DECEPTION PASS STATE PARK — What better way to memorialize someone who loved the outdoors than by placing their name on a picnic table or bench at Washington’s most visited state park.
The Deception Pass Park Foundation is offering that opportunity by taking donations to have customized plaques placed upon picnic tables or benches at the park’s amphitheater.
“This has been a project the foundation has been developing in conjunction with the park’s staff for probably about a year,” said Deception Pass Park Foundation President Terica Ginther. “... so many people have such a deep connection to the park and they approach the staff a lot asking for ways to memorialize their family members or to somehow contribute to the park. This gives us an outlet to do that.”
Proceeds from the donations stay within the park. If interested, email firstname.lastname@example.org.
Ginther said the objective of the foundation is to make the park a better place. And donations help do just that.
“There is a tiered process where individuals can get a certain type of picnic table or seat (amphitheater) for a certain donation cost,” said Deception Pass State Park Manager Jason Armstrong.
At the top of that tiered process is a sturdy, wood picnic table replicating those built in the 1930s by the Civilian Conservation Corps. Those tables are constructed of milled timber harvested from fallen trees within the park. The donation cost is $1,500.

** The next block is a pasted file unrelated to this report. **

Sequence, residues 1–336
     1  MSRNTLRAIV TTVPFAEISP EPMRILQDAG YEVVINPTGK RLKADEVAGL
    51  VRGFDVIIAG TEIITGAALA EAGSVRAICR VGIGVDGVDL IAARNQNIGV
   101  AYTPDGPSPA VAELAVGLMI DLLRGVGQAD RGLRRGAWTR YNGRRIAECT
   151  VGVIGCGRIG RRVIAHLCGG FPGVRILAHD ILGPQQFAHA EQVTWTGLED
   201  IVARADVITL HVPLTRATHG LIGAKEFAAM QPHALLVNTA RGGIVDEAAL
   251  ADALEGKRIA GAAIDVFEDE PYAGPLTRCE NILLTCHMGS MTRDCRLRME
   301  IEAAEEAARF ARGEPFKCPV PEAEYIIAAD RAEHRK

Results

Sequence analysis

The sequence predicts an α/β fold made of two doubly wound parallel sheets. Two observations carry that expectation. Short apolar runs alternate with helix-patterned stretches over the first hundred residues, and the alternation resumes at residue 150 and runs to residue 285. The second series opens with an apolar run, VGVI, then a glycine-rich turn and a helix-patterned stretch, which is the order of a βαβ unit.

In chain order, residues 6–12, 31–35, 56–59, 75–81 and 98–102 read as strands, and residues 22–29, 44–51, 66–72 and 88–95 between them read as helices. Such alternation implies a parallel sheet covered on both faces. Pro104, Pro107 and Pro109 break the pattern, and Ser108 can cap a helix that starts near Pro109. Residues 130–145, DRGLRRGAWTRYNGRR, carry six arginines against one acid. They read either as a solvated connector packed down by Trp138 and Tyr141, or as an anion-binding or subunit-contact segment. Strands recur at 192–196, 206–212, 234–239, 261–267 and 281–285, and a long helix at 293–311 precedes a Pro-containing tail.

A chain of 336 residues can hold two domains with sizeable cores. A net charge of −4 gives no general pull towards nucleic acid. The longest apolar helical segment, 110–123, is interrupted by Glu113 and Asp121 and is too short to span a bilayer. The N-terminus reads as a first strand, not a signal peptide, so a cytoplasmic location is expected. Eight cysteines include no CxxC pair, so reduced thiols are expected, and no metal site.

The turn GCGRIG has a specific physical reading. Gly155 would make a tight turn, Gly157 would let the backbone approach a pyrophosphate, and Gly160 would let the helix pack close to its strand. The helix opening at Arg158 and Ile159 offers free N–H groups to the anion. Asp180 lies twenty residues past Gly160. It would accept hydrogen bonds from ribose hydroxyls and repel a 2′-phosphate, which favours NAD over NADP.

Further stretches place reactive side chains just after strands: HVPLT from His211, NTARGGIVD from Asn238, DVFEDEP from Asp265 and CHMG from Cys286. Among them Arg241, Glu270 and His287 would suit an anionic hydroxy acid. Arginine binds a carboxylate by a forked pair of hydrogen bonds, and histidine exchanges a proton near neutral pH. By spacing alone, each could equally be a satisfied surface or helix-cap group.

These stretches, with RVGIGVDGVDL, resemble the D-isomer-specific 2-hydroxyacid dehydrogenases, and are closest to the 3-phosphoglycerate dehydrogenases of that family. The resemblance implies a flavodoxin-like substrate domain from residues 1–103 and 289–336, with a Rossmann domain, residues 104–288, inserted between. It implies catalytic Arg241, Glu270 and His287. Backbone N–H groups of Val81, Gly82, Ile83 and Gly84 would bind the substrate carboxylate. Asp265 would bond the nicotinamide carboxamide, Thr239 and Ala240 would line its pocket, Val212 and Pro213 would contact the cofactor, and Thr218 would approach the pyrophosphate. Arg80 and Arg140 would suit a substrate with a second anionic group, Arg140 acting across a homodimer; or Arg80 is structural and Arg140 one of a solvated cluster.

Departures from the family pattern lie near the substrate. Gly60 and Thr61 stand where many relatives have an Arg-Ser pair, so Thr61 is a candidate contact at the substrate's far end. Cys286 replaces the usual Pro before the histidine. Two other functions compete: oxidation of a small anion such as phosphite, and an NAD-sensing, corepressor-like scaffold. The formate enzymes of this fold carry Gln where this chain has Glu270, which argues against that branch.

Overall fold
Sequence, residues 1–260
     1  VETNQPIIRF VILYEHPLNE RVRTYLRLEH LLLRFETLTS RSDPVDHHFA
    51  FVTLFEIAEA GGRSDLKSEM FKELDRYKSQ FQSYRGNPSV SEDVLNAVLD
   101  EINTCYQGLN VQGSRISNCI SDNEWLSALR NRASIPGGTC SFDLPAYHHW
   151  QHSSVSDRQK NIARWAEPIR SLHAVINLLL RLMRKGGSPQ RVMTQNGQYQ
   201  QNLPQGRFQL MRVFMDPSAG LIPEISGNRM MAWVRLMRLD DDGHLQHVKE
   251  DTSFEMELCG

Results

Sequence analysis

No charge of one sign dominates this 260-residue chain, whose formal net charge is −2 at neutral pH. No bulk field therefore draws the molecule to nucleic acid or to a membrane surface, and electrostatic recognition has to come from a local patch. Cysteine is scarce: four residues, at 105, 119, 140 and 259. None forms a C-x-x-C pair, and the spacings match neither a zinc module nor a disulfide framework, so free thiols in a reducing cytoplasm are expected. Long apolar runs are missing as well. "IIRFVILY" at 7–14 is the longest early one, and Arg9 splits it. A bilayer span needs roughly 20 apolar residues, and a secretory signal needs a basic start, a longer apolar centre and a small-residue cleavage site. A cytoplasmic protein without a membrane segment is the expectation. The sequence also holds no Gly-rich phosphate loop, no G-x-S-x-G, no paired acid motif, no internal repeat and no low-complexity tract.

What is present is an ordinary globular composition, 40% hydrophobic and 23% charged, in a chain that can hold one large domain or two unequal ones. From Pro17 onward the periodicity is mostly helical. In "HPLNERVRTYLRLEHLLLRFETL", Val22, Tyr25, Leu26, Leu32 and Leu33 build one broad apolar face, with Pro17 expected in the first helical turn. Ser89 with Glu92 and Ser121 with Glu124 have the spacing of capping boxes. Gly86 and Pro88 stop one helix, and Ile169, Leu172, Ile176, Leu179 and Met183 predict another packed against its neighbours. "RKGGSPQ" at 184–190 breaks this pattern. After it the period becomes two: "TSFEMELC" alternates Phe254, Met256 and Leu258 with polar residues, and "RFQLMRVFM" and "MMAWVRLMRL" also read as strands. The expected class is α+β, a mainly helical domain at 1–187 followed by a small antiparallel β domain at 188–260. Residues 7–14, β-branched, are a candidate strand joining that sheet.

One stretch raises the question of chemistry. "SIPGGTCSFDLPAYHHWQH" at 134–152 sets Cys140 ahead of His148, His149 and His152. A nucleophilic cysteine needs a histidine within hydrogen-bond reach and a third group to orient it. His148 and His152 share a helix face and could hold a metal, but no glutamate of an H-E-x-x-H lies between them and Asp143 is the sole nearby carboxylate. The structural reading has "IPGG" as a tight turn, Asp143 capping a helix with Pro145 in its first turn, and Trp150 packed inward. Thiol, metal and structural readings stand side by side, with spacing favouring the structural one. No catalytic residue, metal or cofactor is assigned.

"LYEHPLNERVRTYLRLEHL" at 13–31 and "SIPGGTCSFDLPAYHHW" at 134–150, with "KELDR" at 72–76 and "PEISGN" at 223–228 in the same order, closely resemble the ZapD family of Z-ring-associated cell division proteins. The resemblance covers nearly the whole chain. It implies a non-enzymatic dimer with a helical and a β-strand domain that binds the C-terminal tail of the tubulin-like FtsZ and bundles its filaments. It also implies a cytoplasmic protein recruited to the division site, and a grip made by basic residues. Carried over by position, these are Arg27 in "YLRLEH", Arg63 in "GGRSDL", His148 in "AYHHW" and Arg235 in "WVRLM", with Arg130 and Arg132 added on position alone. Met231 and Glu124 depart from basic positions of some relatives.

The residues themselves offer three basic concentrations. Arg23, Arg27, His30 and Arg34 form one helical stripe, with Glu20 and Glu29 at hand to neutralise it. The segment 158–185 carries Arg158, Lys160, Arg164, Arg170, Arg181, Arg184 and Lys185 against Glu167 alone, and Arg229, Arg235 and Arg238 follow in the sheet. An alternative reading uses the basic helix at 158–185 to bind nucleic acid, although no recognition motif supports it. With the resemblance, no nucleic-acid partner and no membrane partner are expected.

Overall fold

“Those tables to start will be headed to Bowman Bay and North Beach,” Armstrong said. “They will be placed in shelters there, so they won’t be out in the elements and will add to those heritage areas and those CCC shelters.”
An amphitheater bench has a donation cost of $1,000, while a metal or lighter wood framed picnic table is $500.
“There are 32 amphitheater seats available for this,” Armstrong said. “The staff has even designed metal backrests for the first two seats.”
Park staff and volunteers construct the tables and install the plaques, whose design is left up to the donor.
“It’s really a great way to replace the picnic tables and benches in the park,” Ginther said. “They (picnic tables) are quite costly and the state has limited funds to dedicate to that. So this is a way to speed up that process.”
Deception Pass State Park currently has 375 picnic tables and is responsible for replacing about 40 per year.
Ginther said it would be ideal if every table in need of replacement could be done through this program.
“The reason these picnic tables are more expensive is they have to be made to last and are built with much heavier materials than your normal, family picnic table,” Ginther said. “Many are out in the elements. People chop their wood on them. They use them for things you wouldn’t use a normal picnic table for.”
And while there has been interest — a pair of tables are currently awaiting placement — Armstrong believes that interest will grow.
“Once they get out into the park and people see them, I think the demand will pick up and I will get more calls,” he said.